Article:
LIRR Passenger Recounts Life-Saving Heroism

New MTA Long Island Rail Road timetables that went  into effect on Monday, March 4 include enhanced late-night train service to Atlantic Terminal in Brooklyn and half-hourly, westbound AM off-peak service from Farmingdale on the Ronkonkoma Branch, the LIRR’s most crowded line.

In addition, the Railroad has restored trains to the Far Rockaway, Long Beach, Port Jefferson, Montauk and West Hempstead Branches that were eliminated in 2010 when the MTA was facing an $800 million budget shortfall. The Authority responded by cutting staff across all agencies, including the LIRR, by more than 15% and reducing expenses in addition to the service reductions.

The LIRR first announced its plan to bring back service last summer as part of $29 million MTA package of service restorations system wide. In total, the Railroad is adding 22 trains on weekdays and 8 on weekends.

The new LIRR schedules include other changes – largely during off-peak hours and on weekends - to accommodate ongoing construction projects such as East Side Access as well as scheduled track maintenance and renewal programs. All of the latest service changes are detailed in newly printed, branch timetables covering the period Monday, March 4, 2013 through Sunday, May 19, 2013. The new timetables are available at LIRR stations and can also be viewed on the MTA website at


New York City Transit announced that it will move ahead with the second phase of a pilot project for On the Go! Travel Stations, adding at least 77 of the interactive touch-screen kiosks throughout the system that offer MTA travel information and a whole lot more.

The initial pilot launched in September 2011 has been a success.  Placed at the Bowling Green, Atlantic Ave-Barclays Center, and Jackson Heights-Roosevelt Ave subway stations as well as Penn Station and Grand Central Terminal, the On the Go! Travel Stations have been offering customers information about their entire trip, from planning with Trip Planner+, real-time service status, escalator & elevator status and local neighborhood maps.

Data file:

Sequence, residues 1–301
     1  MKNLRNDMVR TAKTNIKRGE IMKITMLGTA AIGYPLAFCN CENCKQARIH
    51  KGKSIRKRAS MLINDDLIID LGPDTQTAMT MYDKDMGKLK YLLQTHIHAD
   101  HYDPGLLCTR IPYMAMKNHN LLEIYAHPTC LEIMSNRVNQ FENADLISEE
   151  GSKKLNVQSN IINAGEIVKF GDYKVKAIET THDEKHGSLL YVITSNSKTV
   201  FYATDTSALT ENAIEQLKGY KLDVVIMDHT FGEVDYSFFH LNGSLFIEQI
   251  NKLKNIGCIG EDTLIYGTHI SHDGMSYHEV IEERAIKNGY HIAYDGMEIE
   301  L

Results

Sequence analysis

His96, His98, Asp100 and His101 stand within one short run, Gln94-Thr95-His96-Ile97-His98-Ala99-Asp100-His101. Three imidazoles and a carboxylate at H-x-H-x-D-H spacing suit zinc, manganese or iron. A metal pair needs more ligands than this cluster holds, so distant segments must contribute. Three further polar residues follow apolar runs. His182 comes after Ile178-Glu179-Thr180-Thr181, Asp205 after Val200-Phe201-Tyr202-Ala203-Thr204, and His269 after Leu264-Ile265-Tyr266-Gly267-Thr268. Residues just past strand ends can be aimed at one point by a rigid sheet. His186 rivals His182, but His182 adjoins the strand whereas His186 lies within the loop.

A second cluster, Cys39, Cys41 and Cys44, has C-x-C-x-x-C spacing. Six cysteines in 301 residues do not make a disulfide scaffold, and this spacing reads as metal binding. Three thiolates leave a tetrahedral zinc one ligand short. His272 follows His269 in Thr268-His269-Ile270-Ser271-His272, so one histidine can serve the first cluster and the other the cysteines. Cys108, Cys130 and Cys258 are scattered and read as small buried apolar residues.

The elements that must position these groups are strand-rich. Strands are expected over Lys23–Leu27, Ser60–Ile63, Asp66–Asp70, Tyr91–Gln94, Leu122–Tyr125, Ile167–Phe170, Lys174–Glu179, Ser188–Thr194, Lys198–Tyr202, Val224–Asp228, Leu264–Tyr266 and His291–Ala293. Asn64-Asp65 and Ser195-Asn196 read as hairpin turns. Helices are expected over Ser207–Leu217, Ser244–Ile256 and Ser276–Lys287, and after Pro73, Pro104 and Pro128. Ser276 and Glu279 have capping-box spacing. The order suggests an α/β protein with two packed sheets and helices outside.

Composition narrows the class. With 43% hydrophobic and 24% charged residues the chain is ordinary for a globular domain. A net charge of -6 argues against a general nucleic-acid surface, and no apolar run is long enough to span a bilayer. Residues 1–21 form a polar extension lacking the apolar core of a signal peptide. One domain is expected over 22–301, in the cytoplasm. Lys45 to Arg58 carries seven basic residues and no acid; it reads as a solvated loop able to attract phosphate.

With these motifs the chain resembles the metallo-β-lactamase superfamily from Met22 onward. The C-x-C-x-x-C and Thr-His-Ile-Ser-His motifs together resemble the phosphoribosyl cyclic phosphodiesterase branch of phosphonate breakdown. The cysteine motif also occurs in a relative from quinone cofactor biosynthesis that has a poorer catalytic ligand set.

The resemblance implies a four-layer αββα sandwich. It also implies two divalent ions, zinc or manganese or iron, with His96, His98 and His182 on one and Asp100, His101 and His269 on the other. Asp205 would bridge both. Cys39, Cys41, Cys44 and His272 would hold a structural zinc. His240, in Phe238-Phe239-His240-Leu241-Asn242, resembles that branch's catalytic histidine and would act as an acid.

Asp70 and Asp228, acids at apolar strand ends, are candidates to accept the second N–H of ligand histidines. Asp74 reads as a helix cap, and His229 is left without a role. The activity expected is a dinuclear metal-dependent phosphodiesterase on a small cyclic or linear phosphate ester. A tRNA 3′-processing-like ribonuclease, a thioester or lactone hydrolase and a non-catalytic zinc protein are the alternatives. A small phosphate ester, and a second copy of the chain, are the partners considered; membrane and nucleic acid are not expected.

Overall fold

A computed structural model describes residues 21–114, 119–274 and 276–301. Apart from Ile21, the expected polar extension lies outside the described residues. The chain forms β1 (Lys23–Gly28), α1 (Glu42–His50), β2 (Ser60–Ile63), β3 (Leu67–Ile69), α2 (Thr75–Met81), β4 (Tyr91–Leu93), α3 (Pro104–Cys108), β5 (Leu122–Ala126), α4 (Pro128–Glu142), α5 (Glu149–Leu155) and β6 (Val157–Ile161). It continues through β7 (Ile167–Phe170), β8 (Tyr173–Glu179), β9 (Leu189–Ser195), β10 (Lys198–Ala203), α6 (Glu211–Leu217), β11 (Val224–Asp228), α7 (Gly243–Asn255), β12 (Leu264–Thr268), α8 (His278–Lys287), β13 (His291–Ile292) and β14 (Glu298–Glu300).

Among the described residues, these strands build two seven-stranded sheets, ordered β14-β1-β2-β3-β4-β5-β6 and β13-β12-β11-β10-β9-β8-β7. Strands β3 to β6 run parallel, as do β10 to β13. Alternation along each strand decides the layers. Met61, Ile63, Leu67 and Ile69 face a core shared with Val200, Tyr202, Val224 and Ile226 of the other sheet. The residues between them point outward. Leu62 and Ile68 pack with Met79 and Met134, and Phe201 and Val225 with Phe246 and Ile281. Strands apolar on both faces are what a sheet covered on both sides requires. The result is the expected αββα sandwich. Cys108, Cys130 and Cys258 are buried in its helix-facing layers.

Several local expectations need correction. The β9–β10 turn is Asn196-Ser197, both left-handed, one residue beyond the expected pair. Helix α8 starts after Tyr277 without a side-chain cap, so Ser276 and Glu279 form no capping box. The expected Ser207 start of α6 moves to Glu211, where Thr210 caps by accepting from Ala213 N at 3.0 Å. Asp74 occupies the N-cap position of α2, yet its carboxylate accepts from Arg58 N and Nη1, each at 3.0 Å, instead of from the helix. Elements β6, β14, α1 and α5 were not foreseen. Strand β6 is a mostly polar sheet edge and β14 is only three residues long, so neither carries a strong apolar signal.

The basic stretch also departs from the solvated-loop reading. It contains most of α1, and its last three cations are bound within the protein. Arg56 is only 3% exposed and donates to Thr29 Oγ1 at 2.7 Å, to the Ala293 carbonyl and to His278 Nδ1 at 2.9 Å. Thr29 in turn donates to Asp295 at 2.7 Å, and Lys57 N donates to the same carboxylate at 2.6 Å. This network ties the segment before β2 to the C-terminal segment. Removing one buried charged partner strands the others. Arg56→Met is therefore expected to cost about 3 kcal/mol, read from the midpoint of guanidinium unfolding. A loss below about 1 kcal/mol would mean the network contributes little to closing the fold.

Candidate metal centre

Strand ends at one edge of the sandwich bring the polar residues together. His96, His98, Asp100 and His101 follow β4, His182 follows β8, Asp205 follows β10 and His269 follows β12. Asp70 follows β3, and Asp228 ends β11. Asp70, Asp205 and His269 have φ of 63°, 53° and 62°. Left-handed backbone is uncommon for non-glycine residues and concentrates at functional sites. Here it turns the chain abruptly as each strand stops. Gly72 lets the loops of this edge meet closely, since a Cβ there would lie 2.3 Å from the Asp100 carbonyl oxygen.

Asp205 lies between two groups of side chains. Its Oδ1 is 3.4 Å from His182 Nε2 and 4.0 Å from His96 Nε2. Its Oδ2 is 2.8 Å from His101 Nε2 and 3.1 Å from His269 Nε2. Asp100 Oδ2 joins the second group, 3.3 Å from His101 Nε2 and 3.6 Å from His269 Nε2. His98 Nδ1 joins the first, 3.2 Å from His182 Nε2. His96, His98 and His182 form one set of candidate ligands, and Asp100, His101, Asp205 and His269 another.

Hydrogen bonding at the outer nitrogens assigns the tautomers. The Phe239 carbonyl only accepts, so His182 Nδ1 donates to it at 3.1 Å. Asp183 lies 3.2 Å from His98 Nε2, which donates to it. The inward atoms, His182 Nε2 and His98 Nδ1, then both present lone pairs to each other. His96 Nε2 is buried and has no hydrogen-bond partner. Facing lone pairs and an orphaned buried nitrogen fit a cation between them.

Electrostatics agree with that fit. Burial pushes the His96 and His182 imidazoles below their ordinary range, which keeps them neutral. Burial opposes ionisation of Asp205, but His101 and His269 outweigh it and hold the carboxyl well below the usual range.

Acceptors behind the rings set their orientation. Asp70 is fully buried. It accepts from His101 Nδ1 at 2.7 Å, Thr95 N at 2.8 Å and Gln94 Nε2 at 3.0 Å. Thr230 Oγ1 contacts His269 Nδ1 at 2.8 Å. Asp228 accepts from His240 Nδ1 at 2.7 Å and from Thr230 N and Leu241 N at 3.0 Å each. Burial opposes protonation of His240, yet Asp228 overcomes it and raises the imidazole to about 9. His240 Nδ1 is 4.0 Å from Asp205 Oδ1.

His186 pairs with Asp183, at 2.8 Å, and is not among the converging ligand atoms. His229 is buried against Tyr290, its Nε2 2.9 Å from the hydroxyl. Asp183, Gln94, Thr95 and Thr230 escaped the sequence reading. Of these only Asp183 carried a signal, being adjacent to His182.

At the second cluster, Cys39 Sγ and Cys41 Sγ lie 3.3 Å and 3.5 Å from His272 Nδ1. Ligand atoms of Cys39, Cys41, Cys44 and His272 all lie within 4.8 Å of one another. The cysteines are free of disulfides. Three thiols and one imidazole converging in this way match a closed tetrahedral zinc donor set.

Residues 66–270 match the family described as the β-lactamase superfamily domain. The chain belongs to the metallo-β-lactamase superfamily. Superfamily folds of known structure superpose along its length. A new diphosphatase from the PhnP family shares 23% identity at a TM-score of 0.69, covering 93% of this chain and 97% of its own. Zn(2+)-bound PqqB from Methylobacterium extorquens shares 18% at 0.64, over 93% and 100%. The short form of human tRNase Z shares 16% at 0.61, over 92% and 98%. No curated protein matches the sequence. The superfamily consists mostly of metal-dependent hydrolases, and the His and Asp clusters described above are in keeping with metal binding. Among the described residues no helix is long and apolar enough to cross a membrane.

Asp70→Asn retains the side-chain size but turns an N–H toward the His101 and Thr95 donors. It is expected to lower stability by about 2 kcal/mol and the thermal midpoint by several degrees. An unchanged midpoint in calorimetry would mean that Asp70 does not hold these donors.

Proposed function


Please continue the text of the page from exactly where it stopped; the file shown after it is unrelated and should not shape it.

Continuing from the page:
Based on positive customer feedback to the kiosks, and the desire to determine if the network could work on a larger scale, the decision was made to move forward with the second phase of the pilot.  In February 2012, MTA Real Estate issued a Request for Expression of Interest (RFEI) soliciting responses from entities interested in being an advertising agent or sponsor of a future, large scale network of On the Go! Travel Stations.

As a result of this RFEI, the MTA will enter into license agreements with CBS Outdoor and Control Group Inc. requiring that the two licensees purchase the kiosks and deliver them to NYC Transit for installation. CBS Outdoor will provide 30 kiosks and Control Group will provide anywhere from 47 to 90 kiosks.

This pilot will provide NYC Transit with a Digital Signage Network that will allow NYC Transit to communicate with customers at the station level, especially in times of planned and unplanned events, reducing the need to plaster stations with paper signage.

“We are excited to be using digital signage to communicate with our customers, as we believe it will provide us with a more efficient communications channel that will also provide an additional stream of revenue,” said Paul J. Fleuranges, the MTA's Senior Director of Corporate and Internal Communications.  Digital Out of Home technology is an exciting industry and we're looking forward to the benefits it will provide to us and our customers.”

As part of this proof of concept phase of the pilot, the licensees will have the creative freedom to design the customer interface and to customize the transit-related applications that will reside on the kiosks, while also selling and displaying advertising to defray the related capital and operating expenses.  During this phase, NYC Transit will evaluate customer perceptions, the ability to post and update information quickly, and advertising revenue opportunities.  This information will inform decisions regarding deployment of additional kiosks, customer communication strategies and future advertising contracts encompassing digital media and platforms.